Kirila Fäh: I think that all sorts of shapes have already existed in us eversince and that we simply try to pool them out to the surface in using them as a language that explains and expresses various emotions, and motions within. My Twiggy Twists are funny, twisted, joyful and humorous magic sticks that should reach you with an ancient human message that life is glorious and a joyful creation. Again, as soon as the shapes start materialising as objects, they remind me of the Native Americans, Africans and Gypsies. I haven’t thought of Giacometti, but you might be right that he's in there as well, especially when you see some twigs in shape of long legged figures, the legs being disproportional in relation to their bodies.

Q: Humor is a very important element in your work. Can you comment on it ? Do you start with irony or do you arrive spontaneously at the humorous comment and statement in your work?

Kirila Fäh: Humor is a very important part of my life. The battles either against ugliness, or injustice, inappropriateness, inadequacy, stupidity, unfairness, lies, corruption, cheating and the fake, can be won through the application of the twisted caricature and humor. Humor is also the way to tell the truth without hurting the other. We can laugh at our mistakes, so that we could remember them better and avoid repeating them, or in order to reduce pain caused by the mistakes that we had made. So, we should be constantly reminded of them, in one way or another. I feel that humor is the powerful weapon in this case.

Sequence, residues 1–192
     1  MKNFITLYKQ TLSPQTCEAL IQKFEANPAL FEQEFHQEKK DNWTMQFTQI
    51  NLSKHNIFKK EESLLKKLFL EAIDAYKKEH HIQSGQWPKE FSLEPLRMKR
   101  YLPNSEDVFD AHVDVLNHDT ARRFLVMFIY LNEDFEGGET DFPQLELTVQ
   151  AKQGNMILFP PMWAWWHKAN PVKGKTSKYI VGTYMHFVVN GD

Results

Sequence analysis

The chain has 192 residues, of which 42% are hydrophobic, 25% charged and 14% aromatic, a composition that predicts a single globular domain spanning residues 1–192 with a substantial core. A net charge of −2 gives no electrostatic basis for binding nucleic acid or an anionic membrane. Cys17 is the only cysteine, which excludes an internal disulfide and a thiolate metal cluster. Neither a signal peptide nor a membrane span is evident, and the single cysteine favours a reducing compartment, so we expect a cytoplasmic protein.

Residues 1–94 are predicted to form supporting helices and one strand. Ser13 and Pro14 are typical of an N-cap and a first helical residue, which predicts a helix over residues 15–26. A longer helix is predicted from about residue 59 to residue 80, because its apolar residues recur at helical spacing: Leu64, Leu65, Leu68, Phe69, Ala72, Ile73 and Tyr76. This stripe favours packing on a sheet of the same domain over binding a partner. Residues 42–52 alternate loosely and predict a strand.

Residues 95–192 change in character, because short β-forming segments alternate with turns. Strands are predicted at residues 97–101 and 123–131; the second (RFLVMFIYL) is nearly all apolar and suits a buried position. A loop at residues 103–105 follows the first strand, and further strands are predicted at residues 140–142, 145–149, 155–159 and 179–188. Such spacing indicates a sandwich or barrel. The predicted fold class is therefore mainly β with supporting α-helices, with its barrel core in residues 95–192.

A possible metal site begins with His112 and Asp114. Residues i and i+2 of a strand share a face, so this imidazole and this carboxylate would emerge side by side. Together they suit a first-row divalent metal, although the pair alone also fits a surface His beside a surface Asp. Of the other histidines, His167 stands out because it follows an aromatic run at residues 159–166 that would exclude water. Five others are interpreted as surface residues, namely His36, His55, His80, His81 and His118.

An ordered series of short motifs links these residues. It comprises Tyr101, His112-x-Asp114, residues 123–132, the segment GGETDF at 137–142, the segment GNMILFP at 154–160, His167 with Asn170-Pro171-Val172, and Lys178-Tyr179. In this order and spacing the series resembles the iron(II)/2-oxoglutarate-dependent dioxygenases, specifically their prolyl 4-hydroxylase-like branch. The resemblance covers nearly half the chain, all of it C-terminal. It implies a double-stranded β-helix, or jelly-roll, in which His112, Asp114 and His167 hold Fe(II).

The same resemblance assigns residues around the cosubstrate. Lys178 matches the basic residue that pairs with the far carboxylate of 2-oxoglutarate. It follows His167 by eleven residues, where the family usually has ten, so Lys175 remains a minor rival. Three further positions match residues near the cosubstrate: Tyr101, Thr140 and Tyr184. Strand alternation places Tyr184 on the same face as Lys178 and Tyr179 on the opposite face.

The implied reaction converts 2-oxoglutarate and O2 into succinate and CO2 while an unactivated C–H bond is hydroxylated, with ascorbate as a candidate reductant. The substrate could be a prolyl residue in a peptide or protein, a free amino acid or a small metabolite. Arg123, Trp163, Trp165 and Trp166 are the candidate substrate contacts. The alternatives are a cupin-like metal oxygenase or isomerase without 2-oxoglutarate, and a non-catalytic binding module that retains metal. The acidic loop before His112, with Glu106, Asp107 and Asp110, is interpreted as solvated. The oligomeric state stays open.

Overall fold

Q: Can you describe some of your future projects as well as a direction where you ould like your work to develop? Are you likely to deepen the existing forms that you have already worked with, or rather explore new genres, and new media possibilities?

A: I don’t know where this opus is going to bring me, sure to a certain ending which implies a certain change. I presently work in this way. As I've already stated here I change medium voluntarily depending on what I’m trying to say or in what mood I am in. It’s like using different languages to say different things. Somebody has said that singing a love song sounds the best in Italian, praying to God sounds good in Spanish, talking politics in English, and explaining working methods sounds the best in German. Sometimes the media I use is photography, sometimes print, oil painting, sculpture, or a written story. I might start singing one day.

Steve CannonTribes